But there is another outcome of this story of so-called “Doubting Thomas” that has been disastrous for the Church. And that is a great misunderstanding of what belief is in the first place. In our world, belief generally means to give assent to, to accept something as factually true. Do you believe what you read? If you do, that means that you accept as factual and provable what you read. Do you believe that 2 + 2 = 4? If you do, it means that you not only trust the information that someone taught you years ago that two and two did make four, but you have experienced that mathematical equation every day of your life. Do you believe what you hear on a given news outlet or on an internet site? Ah, there’s a different question. If you do, you are quite likely believing that source on the basis of someone else’s authority, or on the basis of your own philosophy or opinions, not things that are easily verifiable.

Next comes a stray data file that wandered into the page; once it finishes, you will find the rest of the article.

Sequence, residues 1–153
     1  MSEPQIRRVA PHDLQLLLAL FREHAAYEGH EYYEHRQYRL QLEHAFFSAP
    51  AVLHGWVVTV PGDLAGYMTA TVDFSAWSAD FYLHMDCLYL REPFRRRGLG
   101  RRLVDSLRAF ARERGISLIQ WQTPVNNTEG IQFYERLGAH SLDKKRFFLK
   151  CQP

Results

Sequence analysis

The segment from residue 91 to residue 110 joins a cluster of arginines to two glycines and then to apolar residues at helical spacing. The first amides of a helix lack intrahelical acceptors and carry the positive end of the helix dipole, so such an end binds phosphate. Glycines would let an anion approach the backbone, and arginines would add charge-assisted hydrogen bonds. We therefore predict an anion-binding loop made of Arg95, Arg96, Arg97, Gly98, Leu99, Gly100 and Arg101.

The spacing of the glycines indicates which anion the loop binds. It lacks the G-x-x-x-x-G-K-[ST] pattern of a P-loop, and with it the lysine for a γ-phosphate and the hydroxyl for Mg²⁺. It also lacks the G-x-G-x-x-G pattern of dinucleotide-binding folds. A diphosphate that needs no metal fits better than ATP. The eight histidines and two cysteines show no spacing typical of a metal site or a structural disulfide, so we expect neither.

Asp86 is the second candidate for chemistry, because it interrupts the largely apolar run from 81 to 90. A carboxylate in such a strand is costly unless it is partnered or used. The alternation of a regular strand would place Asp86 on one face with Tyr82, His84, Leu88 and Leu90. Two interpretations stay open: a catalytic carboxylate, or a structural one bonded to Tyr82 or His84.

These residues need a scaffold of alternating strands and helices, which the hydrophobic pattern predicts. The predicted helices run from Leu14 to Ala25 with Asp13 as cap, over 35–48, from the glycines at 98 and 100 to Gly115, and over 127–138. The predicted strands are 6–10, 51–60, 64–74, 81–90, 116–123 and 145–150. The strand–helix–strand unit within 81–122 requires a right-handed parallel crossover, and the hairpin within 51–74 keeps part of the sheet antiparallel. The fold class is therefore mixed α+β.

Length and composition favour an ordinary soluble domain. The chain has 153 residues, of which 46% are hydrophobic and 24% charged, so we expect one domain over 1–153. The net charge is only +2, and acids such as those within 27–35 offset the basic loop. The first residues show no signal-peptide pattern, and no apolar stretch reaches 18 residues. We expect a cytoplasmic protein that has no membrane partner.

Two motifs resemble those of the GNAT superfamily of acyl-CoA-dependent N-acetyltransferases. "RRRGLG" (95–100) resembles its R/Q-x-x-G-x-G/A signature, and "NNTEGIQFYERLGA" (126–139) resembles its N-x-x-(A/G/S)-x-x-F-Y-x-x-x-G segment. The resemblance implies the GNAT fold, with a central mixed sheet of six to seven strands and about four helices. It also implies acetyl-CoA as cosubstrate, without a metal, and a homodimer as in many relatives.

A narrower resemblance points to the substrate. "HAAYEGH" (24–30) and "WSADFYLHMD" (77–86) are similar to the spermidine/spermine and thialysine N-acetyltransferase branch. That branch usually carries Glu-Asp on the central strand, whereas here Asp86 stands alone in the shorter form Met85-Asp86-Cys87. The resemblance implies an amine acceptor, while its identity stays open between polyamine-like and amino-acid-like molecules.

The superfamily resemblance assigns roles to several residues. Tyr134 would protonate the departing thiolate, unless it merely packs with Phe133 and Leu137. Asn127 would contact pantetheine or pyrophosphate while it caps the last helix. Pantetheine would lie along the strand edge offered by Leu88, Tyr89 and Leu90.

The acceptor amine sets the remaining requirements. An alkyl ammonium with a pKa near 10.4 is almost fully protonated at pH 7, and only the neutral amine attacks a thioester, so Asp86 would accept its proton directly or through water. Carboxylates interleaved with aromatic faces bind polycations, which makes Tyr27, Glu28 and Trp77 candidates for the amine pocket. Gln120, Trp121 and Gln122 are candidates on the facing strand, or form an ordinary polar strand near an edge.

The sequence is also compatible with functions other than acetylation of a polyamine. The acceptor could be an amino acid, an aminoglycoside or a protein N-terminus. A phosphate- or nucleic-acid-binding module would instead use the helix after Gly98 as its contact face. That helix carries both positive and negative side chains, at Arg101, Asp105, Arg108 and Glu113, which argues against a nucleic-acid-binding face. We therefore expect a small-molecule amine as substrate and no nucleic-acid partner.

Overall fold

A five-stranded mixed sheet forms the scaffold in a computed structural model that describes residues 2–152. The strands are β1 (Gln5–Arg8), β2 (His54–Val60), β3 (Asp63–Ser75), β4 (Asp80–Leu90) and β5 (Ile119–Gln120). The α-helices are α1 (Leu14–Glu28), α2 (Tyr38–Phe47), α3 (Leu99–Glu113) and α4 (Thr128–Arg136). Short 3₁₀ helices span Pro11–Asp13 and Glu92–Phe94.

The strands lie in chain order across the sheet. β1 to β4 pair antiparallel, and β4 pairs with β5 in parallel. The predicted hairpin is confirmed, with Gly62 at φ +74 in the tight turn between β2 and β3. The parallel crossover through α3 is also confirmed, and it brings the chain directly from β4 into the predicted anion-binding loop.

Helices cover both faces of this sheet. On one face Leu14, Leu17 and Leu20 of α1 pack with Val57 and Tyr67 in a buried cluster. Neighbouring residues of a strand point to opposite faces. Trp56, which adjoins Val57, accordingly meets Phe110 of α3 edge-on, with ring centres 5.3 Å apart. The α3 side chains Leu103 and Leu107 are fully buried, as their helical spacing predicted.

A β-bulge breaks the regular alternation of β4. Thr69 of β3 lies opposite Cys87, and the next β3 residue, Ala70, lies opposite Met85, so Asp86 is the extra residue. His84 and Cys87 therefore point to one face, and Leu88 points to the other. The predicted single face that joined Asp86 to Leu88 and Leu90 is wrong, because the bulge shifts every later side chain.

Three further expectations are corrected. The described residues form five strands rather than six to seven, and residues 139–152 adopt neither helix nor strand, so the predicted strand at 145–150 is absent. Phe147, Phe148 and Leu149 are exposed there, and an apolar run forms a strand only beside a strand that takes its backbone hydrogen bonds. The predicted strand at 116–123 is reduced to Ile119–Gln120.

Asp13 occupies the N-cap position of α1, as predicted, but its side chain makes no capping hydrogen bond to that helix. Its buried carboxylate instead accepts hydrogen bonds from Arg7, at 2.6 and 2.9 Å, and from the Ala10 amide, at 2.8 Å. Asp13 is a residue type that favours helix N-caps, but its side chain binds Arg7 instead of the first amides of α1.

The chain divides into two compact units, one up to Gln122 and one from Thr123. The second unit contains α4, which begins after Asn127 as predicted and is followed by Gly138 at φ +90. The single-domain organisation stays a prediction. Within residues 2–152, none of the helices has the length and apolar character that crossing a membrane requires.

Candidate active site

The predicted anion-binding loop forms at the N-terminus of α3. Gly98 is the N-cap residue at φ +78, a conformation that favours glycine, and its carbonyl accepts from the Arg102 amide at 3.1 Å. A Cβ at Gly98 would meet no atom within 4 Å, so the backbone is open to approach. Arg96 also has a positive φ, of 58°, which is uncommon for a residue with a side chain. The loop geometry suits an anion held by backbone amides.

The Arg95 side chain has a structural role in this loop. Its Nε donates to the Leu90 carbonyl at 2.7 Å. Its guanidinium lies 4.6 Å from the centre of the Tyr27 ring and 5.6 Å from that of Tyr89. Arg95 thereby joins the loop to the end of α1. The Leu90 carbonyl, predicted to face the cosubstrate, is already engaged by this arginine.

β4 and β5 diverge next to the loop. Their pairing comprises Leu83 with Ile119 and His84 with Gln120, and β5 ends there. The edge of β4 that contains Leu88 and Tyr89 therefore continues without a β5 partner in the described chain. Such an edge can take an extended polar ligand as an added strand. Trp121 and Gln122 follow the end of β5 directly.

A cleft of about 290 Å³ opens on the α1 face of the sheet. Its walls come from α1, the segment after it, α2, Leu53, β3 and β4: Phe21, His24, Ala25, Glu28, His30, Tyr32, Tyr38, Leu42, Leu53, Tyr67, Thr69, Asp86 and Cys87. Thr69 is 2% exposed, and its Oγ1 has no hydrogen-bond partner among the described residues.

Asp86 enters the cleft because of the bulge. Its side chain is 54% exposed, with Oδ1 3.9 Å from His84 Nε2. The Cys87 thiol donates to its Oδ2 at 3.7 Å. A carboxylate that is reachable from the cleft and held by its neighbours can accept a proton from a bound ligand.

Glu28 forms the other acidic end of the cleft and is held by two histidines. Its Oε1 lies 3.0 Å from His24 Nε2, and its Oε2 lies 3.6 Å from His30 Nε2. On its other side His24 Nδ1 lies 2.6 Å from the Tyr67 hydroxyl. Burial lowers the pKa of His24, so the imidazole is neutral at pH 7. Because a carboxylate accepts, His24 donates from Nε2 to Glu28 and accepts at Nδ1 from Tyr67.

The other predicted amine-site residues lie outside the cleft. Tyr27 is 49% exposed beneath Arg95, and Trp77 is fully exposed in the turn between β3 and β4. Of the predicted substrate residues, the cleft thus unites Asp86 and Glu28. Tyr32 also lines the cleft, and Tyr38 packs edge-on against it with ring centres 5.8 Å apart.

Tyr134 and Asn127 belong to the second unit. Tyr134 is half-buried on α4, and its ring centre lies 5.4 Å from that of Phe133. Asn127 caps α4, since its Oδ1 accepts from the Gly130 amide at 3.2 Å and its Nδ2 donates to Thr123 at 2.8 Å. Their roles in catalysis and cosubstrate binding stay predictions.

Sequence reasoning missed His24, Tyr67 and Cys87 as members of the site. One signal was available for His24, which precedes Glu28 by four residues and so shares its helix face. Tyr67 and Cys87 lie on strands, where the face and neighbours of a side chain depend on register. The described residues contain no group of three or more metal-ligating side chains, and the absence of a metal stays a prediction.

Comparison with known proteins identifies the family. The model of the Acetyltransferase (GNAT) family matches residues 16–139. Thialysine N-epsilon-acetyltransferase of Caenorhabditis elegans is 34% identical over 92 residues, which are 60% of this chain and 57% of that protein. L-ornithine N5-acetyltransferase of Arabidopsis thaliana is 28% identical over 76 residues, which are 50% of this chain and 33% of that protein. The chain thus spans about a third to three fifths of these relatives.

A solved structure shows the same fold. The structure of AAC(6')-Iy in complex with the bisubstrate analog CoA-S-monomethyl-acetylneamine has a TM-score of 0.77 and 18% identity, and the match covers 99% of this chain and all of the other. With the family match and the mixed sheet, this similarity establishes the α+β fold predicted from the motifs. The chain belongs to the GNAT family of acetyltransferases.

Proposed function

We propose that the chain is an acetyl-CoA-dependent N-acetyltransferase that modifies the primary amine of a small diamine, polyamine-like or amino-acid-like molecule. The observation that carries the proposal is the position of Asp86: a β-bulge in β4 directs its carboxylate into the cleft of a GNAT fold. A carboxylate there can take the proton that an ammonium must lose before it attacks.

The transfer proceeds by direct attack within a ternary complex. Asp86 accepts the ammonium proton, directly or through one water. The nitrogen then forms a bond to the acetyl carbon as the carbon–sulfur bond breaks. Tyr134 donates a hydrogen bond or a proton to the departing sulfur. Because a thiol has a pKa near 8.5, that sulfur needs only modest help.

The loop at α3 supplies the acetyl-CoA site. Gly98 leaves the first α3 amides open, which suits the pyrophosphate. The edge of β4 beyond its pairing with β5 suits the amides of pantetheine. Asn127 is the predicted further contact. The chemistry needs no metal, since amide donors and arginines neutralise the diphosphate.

So the question that we need urgently to ask is what does belief mean. At the risk of getting a bit teachy here, I invite you to look carefully at some words used in the telling of this story. First, the word that John uses to mean “belief” or “to have faith” or with the addition of one letter “not to believe” or “to be faithless” is a word [πιστευω] that comes from an old root from which we get words like abide, awaiting, persuading, confiding, trusting. It is the same root out of which grow words like faith, fiancé, and confident. That tells us a good deal about belief. Almost nothing in those words has much to do with giving intellectual assent to a proposition in our heads, our minds. But almost every one of them indicates an action that has to do with an attraction of one person in relation to another. Take fiancé, for example. The minute that word is said in English we immediately know that we are talking about a relationship, indeed a relationship we assume to be loving. We also know that it suggests a future in which two persons are going to be married and thus share a life. Keep that in mind as we look at another text.